The ‘degree of financing’ test required the government to ‘fully or close to fully’ fund the body for it to count as government controlled, this was not the case with Network Rail. The second test of risk exposure is sensitive to the question of who holds debt for the organisation. In this case, ONS argued that the debt was guaranteed by the Department for Transport, and there was an effective statutory obligation for the government to step in if Network Rail was to collapse. This by ESA10 criteria made Network Rail government controlled and part of the public sector. The reclassification was announced in 2014, and the new framework agreement between Network Rail and the Department of Transport agreed that Network Rail should be subject to Freedom of Information (1.15). While the body was added under section 5 of the FOI Act (rare), this order is in other respects similar to the frequent amendments made under section 4 as it reflected a change in ‘the public sector’ rather than including non-public sector bodies fulfilling a public function under the Act.
Given accounting change means that retrospectively Network Rail should be seen as part of the government accounts in 2007, does this have any impact on the underlying logic of the Information Tribunal decision that it was not subject to EIR at this time? In this case, the Information Tribunal did consider the degree of government control through the same test of board appointment and public funding that the ONS similarly considered Network Rail to ‘pass’. It did not consider the question of where the debt is guaranteed, but this would have been a novel approach. This wider idea of government control might be useful in future questions of examining government ‘control’ of an organisation for EIR purposes. However, subsequent decisions by the Upper Tribunal have suggested a strict definition of control as meaning “no genuine autonomy”, creating a high bar for a control based argument. The debt test of control is an inversion of the typical control argument. The organisation may (like Network Rail) have fairly clear operational autonomy but the government does not have autonomy because it holds all of the risk and none of the decision-making power. This is a situation that the public accounts (and good governance rules) should seek to correct but may not meet the strict test of control.
This more general idea of independence from government was a supporting part of the Information Tribunal’s argument and not the key argument. The main difference between the Information Tribunal and ONS arguments is this question of what would happen if Network Rail did not exist. The Information Tribunal argue that the services provided were not necessarily a public function, as “[i]f [National Rail Limited] did not perform these functions, they would be performed by some other similar body, not by central government”. In contrast, the ONS’ position was that the Department of Transport was on the hook both on the debt guarantee and through the Railways Act 2005 maintaining an older responsibility to “protect the interests of users of railway services”. This is interpreted by ONS as implying the government would need to keep the railways operating as “that government could allow Network Rail Ltd to fail while stepping in to support and protect the wider rail industry seems questionable, given that no one else is bearing any significant financial risks in relation to Network Rail”. The evaluation of who holds the financial risk questions the Information Tribunal’s premise that another similar body rather than central government would perform the functions of Network Rail. As Network Rail’s functions were only possible as a result of substantial arm’s length support from the central government, the same would be true for any replacement organisation and so the central government is not a disinterested party. This undermines the argument about lack of control, but it was just one supporting argument. It is unclear if the approach would have led to a different decision, but it seems unlikely.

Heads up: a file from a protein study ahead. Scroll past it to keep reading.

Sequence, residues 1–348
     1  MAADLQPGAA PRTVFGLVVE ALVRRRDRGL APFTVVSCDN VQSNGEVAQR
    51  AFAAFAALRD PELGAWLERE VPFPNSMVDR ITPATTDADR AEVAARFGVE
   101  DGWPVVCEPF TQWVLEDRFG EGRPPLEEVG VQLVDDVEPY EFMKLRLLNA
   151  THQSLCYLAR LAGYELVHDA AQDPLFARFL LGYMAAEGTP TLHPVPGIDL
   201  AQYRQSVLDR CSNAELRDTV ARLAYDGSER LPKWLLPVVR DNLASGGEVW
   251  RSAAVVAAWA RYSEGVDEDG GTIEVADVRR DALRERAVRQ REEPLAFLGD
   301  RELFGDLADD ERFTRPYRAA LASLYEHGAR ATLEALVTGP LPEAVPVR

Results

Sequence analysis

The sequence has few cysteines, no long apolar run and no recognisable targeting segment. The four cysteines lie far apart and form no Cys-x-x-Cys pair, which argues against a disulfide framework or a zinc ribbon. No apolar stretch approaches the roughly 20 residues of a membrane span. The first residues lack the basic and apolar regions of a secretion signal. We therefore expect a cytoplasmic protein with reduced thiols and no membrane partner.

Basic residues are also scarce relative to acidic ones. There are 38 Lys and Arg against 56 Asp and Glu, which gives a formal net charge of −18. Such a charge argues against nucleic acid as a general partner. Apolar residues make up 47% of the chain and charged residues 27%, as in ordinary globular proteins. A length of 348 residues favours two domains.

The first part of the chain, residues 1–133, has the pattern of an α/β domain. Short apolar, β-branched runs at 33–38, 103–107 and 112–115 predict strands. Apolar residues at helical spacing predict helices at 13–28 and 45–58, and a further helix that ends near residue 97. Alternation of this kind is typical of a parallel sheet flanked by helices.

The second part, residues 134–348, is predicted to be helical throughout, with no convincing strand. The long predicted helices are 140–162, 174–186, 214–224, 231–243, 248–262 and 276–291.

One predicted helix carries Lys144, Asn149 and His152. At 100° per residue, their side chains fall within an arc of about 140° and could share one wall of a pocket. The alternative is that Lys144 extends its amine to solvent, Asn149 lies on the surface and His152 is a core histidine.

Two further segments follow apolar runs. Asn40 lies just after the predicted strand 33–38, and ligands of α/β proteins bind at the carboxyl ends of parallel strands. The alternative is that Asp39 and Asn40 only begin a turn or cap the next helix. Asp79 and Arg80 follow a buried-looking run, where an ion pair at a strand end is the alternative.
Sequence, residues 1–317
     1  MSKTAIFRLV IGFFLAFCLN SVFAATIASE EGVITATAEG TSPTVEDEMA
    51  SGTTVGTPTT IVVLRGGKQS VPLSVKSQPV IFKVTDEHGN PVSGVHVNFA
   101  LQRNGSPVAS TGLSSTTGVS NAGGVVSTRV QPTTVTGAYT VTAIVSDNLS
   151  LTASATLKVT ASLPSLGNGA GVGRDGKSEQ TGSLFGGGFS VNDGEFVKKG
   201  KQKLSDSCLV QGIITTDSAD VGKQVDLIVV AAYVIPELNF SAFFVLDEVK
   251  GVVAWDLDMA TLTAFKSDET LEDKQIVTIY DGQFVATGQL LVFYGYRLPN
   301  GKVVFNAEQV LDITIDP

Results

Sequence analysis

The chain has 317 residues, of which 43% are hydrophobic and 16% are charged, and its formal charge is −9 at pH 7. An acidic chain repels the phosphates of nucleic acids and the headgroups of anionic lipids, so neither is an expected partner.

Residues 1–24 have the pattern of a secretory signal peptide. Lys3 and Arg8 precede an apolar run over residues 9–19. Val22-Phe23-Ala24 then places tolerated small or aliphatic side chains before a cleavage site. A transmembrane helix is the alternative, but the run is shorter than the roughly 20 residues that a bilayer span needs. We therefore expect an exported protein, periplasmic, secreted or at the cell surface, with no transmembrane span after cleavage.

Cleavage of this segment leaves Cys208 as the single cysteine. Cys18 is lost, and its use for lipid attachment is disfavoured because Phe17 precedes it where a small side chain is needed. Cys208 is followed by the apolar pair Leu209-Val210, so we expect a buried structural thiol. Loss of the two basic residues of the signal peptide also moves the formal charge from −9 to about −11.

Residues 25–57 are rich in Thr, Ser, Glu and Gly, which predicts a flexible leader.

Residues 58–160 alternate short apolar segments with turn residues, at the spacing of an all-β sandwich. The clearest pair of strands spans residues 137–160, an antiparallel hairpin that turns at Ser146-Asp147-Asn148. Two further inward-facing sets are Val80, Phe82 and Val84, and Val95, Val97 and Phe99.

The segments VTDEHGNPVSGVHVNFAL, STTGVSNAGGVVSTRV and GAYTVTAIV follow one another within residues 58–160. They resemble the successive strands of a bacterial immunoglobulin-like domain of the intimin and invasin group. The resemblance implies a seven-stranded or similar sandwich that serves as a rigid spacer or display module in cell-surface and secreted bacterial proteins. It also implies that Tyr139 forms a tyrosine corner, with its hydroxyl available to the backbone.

In the niche situation that government control is a result of risk exposure, the Network Rail case shows the Information Tribunal and Upper Tribunal are not the only possible avenue. A large and significant organisation that was judged to not be subject to FOI and EIR is now retrospectively understood to have been part of the government accounts throughout the whole period. Accountancy arguments of control may or may not convince the courts, but they only need to convince the accountants.
- 1: Document 2.1 in this FOI
Header image: Photo by Felix on Unsplash